This Pioneer Mapping of Genes Unveil Genetic Wiring of Cellular Life Will Give Way For Cancer Treatment

By on
Pioneer Mapping of Genes Unveil Genetic Wiring of Cellular Life

For the first time, the organization and interaction of genetic wiring that sets up cellular life is mapped. This revolutionary finding makes way for knowing more about genetic disorders and finding treatments, including cancer.

Cellular Life Composition

Researchers from the University of Toronto made a breakthrough in their study, which took 15 years to be completed, of a cell’s global genetic interaction. With this, the former method of studying a gene one at a time will be replaced with a more efficient process.

University of Toronto professors Brenda Andrews and Charles Boone, along with Chad Myers from the University of Minnesota-Twin Cities, were able to map the global genetic network of a cell through studying yeast cells as stand-ins for human cells.

Through the research, learning how genes interact will make it possible to understand the roots of genetic disorders. Michael Constanzo, who is one of the researchers that lead the study, says they can now search for the certain kinds of genes that impacts diseases.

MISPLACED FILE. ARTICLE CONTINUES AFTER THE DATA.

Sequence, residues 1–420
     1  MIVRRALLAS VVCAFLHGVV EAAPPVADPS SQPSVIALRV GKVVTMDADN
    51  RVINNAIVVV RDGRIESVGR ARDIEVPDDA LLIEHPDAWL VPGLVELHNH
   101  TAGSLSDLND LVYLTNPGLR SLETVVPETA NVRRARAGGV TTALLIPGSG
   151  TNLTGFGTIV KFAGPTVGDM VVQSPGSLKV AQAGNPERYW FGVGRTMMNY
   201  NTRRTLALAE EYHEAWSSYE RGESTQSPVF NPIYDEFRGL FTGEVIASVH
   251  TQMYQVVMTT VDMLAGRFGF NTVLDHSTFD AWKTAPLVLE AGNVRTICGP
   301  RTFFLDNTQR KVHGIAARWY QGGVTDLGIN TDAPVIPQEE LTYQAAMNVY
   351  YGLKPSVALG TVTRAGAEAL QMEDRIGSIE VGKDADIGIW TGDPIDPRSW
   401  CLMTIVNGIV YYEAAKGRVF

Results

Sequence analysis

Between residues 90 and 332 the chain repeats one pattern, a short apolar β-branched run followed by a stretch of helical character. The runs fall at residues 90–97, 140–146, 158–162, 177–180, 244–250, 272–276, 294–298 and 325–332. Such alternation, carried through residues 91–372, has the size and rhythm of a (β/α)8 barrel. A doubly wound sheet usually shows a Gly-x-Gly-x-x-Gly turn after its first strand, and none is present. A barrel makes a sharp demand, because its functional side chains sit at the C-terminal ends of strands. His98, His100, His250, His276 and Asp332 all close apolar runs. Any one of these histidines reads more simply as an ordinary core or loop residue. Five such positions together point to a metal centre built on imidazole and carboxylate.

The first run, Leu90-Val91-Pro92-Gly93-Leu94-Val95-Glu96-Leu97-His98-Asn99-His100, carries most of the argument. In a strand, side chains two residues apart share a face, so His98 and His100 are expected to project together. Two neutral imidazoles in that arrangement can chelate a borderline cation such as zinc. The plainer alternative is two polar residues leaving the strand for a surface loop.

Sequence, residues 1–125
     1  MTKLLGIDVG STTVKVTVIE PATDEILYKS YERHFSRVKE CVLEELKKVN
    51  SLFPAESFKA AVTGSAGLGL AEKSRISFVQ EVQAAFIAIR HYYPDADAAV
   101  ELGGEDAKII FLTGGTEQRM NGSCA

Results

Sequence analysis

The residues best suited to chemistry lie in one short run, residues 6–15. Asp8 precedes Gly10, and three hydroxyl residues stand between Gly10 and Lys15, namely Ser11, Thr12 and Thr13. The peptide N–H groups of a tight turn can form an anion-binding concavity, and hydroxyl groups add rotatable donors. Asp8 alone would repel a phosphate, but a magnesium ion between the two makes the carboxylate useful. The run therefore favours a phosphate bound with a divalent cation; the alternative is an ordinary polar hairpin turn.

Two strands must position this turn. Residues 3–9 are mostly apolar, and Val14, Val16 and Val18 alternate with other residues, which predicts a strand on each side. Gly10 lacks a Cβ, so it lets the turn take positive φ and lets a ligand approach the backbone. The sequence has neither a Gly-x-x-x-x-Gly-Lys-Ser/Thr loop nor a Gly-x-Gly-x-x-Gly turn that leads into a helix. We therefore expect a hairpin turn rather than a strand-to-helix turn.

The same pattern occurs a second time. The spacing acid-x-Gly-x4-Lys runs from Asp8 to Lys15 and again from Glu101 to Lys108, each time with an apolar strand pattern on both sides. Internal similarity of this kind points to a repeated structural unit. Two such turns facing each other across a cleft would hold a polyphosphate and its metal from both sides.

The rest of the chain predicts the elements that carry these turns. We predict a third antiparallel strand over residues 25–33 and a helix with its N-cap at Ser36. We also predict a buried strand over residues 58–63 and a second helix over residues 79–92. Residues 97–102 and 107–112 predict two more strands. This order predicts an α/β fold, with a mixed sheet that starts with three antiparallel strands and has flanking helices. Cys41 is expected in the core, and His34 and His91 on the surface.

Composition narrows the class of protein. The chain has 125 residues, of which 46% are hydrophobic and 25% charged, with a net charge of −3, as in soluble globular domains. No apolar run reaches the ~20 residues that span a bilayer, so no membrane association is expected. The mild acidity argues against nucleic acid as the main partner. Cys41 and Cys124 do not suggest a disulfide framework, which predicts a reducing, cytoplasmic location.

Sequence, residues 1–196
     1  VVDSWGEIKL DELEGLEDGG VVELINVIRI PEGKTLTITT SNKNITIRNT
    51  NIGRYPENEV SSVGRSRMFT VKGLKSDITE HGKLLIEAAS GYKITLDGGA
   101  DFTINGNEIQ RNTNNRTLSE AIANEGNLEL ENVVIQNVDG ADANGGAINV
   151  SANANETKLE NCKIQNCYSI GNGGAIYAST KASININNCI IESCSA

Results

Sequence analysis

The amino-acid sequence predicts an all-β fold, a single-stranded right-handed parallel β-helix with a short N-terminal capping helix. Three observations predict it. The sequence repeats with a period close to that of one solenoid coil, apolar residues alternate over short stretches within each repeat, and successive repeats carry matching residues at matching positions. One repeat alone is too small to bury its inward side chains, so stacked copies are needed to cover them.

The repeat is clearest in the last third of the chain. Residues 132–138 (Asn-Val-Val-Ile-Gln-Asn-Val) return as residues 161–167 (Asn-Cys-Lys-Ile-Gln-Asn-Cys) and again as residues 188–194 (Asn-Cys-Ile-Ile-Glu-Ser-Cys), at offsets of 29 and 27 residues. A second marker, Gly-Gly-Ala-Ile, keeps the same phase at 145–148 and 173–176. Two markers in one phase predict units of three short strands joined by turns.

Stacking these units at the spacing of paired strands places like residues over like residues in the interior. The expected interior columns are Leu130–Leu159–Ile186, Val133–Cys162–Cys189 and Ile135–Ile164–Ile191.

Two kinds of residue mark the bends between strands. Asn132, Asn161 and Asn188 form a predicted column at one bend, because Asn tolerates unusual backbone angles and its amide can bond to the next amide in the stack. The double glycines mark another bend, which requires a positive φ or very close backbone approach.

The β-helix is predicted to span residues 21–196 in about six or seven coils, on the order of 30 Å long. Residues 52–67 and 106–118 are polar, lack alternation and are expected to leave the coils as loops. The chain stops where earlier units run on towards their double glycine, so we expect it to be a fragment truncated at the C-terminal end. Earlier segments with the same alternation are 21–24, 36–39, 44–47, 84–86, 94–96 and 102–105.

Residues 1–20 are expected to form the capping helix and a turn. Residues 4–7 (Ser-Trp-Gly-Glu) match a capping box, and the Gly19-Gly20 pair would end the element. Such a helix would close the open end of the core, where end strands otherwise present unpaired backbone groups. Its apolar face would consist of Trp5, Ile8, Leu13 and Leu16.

Understanding Genetic Wiring

Genetic Wiring DNA GIF

Source: Giphy

By studying 6,000 cells, instead of 20,000 human cells, scientists learned the “buffer” theory. Andrews and Boone proved the theory from a decade ago that genes safeguard other genes.

Even though there are many genes in a genome, scientists from a decade ago discovered only a few number of genes are essential for life, which includes human life as well. In turn, the researchers tried deleting pairs of yeast gene and only leaving what is essential for survival.

The findings showed that both pairs of genes, those that are “synthetic lethal,” should be destroyed in order to kill the function. If only one is destroyed, there is a functional backup gene to take over the role of the destroyed gene.

Thus, this only shows the interaction of genes, not only in yeasts but also in humans as well. After charting how genes interact, Boone says that their analysis will be helpful in approaching the problem in human cells.

Indeed, the new information from human’s genetic wiring that drive cellular life can give a guide for cancer treatments with synthetic lethality’s concept.

About the author

To Top